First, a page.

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I don't consider unambiguous presumption of guilt based on tabloid tittle-tattle, innuendo, run-arounds, gratuitous repetition, misdirection, and deliberate attempts to play down and ignore real evidence to be good faith. Not when the charge is this serious.

Good faith would be 'Well - this is dramatic, but let's wait and see how it plays out.'

And now it's clear that there is no rape case, there was no rape case, and that any case that remains is so ambiguous and poorly defined that not even the prosecutor is sure what exactly Assange is supposed to have done.

Admittedly, this may change. But with what's known today, it's a fair guess that it's not looking likely.

But still - I'm curious why Fairleft followed through this diary through with such persistence.

What was the point? Why keep repeating 'They say there's no smoke without fire...' over and over?

I don't think it persuaded anyone that Assange is a rapist or pervert, or that Wikileaks is a bad thing, or that the war in Afghanistan is a good thing.

I don't even think it convinced anyone that Assange might be a rapist, given the chance.

I'm more perplexed by the energy expended on a diary with no clear point to it - beyond a nonsensical one - than about the details.

by ThatBritGuy (thatbritguy (at) googlemail.com) on Wed Aug 25th, 2010 at 09:37:09 PM EST
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I'm not sure where you get this presumption of guilt in fairleft's writings here. I don't get that vibe at all - I get a vibe of presumption of good faith on part of the witnesses. Which, perhaps due to an excess of zeal, occasionally seems to slide over into a presumption of good faith on part of the people who report what the witnesses say.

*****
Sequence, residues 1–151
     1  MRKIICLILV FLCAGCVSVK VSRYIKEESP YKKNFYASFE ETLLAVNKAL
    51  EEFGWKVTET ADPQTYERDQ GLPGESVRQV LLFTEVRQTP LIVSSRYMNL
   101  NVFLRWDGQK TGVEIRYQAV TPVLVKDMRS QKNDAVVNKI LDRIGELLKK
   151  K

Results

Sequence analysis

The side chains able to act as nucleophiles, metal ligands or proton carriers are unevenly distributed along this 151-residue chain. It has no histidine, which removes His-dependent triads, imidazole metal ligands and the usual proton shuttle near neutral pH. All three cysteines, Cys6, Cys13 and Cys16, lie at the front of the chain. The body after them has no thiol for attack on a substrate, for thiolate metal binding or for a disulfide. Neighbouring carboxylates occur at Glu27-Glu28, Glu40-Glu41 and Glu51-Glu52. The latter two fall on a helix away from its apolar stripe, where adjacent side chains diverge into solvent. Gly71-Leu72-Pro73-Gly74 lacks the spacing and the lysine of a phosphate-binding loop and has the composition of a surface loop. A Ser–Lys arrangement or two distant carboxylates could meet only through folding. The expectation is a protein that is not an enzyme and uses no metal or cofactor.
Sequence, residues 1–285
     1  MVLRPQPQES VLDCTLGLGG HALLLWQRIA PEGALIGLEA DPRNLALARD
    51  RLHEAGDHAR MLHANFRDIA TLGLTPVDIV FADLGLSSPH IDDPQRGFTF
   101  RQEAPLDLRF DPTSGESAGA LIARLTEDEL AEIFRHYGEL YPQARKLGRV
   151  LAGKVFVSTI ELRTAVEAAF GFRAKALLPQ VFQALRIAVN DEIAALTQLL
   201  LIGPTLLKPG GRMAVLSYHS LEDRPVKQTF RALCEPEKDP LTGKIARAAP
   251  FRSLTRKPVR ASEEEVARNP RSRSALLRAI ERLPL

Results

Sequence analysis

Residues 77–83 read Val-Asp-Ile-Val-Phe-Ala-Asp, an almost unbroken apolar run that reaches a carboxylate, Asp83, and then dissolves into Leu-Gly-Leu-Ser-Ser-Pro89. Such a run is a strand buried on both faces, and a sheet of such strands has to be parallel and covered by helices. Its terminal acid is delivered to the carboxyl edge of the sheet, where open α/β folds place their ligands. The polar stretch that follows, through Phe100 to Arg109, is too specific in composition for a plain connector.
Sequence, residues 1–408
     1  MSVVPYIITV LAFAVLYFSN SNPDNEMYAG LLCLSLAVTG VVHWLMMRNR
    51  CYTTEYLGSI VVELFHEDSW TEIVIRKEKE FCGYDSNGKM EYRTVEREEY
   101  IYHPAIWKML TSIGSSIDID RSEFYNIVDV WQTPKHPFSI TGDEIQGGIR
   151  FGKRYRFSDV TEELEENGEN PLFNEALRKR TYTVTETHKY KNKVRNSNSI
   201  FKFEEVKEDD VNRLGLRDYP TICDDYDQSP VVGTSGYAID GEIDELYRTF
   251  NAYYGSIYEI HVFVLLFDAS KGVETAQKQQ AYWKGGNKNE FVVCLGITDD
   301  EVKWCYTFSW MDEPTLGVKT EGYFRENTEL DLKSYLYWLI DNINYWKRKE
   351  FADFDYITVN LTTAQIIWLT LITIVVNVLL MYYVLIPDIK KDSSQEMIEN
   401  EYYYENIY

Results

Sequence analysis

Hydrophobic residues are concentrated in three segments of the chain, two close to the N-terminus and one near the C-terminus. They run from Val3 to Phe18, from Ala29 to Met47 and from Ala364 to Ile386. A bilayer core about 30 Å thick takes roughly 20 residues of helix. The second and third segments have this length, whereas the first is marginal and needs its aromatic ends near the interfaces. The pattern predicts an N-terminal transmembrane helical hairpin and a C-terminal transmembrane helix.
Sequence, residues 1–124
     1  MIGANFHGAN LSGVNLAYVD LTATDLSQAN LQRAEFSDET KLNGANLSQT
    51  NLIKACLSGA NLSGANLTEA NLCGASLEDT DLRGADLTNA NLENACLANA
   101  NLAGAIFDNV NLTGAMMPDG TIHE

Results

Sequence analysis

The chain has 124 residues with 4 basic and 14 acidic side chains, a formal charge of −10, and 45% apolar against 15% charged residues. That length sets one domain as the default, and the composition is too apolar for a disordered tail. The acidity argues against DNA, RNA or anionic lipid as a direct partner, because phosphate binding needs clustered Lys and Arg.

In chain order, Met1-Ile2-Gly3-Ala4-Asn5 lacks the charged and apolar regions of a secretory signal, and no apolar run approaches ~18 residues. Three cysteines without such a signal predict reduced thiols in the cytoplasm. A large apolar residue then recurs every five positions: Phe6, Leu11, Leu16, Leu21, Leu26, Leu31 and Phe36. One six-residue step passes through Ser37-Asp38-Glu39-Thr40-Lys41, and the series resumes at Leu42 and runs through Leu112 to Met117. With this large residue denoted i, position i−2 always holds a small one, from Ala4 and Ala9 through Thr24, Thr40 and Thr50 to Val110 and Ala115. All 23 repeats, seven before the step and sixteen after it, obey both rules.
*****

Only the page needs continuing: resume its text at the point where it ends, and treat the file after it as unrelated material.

There's a fine line in dealing with this sort of cases: On the one hand, the accused and the witnesses enjoy the presumption of innocence and good faith (resp.). On the other hand, the police and the press do not. How far one should go in digging into witnesses' background in pursuit of deconstructing the official police and press line is at least partly a matter of personal taste.

Now, in my personal opinion, the fact that one of the witnesses went to the press herself (and to Expressen of all places) makes her a perfectly valid target for enquiry. But reasonable people can disagree on that point, particularly given the hearsay/fact ratio of the information we have on everyone involved at this point.

- Jake

Friends come and go. Enemies accumulate.

by JakeS (JangoSierra 'at' gmail 'dot' com) on Thu Aug 26th, 2010 at 07:07:28 AM EST
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My evil side is hugely enjoying the whole spectacle: it seems contrived expressly to drive the anarchistic left insane. On one hand, accusation of sexual impropriety, which have to be taken very seriously, of course, on the other it's all awfully convenient for a lot of very powerful people. <heads explode>
by Colman (colman at eurotrib.com) on Thu Aug 26th, 2010 at 07:13:31 AM EST
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Yes, this fairleft, highly suspicious writing a diary that says we should withhold judgment on all involved in this mess, and shy away from conspiracy generation unless there's real evidence for that.

by fairleft (fairleftatyahoodotcom) on Thu Aug 26th, 2010 at 03:24:08 PM EST
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